Sponsored By

sponsor

— Session Introduction —
Dave Mincey
Vice President Sales,
Americas,
INTTRA

 

— Session Chair —
Mark Szakonyi
Executive Editor,
JOC.com and The Journal of Commerce,
Maritime & Trade,
IHS Markit

 

— Panelists —
Reto Malfatti
Managing Director,
Kuehne + Nagel SA de CV, Mexico

 

Craig Mygatt
CEO,
SeaLand

 

Luis Olivera
Executive Vice President, Sales
Ferromex

 

Mauricio Rojas
Vice President,
International Trade Compliance,
Grupo Prodensa

 
11:00 — 11:30 AM
 

 Networking Break

Location: Foyer Gran Salon

 
Sponsored By

sponsor


 
11:30 AM — 12:30 PM
 

The Route to Efficiency:
Analyzing Shippers' East-West Port Options to Mexico's Interior

Location: Gran Salon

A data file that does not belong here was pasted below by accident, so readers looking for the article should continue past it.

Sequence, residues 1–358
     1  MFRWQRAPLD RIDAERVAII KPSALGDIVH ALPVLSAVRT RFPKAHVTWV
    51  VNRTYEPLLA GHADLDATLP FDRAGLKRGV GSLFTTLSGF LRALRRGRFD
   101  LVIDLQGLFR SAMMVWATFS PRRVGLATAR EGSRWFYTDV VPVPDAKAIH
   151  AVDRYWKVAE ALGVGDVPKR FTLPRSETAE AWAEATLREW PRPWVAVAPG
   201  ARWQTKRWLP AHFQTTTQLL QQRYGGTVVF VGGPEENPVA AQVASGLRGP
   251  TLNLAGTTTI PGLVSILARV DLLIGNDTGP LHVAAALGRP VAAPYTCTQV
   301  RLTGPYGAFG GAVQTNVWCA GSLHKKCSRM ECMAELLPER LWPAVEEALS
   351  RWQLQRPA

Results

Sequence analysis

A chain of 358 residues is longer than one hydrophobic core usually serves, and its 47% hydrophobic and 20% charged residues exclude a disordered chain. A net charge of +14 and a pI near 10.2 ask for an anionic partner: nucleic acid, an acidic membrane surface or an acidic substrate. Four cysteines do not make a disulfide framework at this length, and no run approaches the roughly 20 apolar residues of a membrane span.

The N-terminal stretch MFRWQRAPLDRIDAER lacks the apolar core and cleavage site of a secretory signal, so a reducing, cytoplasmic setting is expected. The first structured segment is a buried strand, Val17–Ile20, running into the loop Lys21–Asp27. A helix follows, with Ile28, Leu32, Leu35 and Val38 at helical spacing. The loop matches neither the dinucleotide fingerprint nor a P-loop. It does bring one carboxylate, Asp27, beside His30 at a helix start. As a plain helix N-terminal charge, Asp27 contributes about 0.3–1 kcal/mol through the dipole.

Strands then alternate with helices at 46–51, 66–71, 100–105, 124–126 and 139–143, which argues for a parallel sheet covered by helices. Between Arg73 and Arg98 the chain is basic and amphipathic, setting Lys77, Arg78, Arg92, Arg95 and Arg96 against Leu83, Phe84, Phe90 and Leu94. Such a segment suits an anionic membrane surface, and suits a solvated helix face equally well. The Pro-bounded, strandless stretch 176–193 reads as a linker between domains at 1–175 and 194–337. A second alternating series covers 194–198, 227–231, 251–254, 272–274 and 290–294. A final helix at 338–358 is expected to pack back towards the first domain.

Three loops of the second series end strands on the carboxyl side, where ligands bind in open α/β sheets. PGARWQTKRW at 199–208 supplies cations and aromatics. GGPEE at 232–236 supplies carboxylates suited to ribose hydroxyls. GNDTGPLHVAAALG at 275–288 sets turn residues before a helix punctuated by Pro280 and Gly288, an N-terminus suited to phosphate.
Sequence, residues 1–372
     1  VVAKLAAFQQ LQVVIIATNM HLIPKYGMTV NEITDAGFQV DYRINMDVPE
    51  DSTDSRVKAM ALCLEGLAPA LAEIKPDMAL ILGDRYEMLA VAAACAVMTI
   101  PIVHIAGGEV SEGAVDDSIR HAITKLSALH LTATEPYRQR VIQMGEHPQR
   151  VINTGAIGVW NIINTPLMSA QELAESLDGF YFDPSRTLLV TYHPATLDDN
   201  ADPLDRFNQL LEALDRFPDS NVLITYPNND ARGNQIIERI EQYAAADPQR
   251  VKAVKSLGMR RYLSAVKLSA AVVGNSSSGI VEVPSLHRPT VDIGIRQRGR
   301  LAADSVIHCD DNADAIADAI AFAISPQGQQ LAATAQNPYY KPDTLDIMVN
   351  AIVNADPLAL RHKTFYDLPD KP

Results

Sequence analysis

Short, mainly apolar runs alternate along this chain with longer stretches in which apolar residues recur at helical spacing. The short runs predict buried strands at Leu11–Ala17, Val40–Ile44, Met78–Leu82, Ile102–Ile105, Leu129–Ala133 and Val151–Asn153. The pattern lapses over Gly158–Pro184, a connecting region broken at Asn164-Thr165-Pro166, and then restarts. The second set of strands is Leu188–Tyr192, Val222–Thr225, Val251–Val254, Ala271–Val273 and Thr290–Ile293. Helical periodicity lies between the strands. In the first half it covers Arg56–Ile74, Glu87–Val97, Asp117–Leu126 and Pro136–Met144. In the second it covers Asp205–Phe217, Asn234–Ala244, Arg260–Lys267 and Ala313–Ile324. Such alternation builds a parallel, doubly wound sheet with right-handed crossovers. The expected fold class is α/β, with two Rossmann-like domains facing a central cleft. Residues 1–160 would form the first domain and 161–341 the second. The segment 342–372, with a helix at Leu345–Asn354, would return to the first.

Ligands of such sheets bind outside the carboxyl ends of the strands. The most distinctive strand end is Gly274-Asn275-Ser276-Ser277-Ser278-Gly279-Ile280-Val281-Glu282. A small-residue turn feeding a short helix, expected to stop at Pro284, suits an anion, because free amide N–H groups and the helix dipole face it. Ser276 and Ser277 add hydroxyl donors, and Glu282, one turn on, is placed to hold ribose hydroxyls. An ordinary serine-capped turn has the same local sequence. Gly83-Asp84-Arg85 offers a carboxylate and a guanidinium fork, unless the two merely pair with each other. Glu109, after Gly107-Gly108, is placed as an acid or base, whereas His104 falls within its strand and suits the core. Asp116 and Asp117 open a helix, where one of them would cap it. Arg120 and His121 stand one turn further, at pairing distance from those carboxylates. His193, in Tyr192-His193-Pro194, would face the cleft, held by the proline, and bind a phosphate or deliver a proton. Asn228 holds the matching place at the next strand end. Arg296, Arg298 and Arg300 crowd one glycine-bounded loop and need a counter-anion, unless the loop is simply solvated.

Improving Mexican container ports, rising cargo volumes and higher cross-border rates on shipments going through US ports are redrawing the supply chain maps of major shippers, putting pressure on Mexican terminals to boost capacity and efficiency, and ensure that surface transportation links are strong. As Mexican container port volumes rise — up 11.9 percent in 2017 over 2016, according to Mexico’s Secretaria of Communications and Transportation — importers and exporters are increasingly demanding greater efficiency, certainty, and value for their money. But can Mexico’s rapidly evolving ports meet shippers' needs for a world-class logistics hub — and even their own deadlines? Will the massive first phase upgrade of the Port of Veracruz be completed this year, and, if so, how will its sudden leap in available capacity change the cargo allocation between the ports? What is the expected impact of the opening of a train tunnel that will allow 24-hour containerized service into the Port of Manzanillo later this year? Has the opening of APM’s automated terminal in Lazaro Cardenas set the future standard for technological development in Mexican ports? In the wake of the 2016 opening of the enlarged Panama Canal, Mexico has seen a shift in cargo from west to east, with Gulf coast port volumes rising faster than west coast port volumes. One contributor is the interest among shippers in using maritime routes from the Gulf to the US, challenging cross-border land routes. Yet there are also signs that low shipping rates from Asia to Mexico, and high US trucking rates, are luring shippers to send cargo through Mexico’s Pacific Coast ports. Containerized imports through Ensenada, for example, soared 15.7 percent in 2017, more than twice the increase through the Pacific Coast as a whole. This panel will evaluate the strengths and weaknesses of Mexico’s port system and transportation links into Mexico’s heartland, as demand grows from shippers.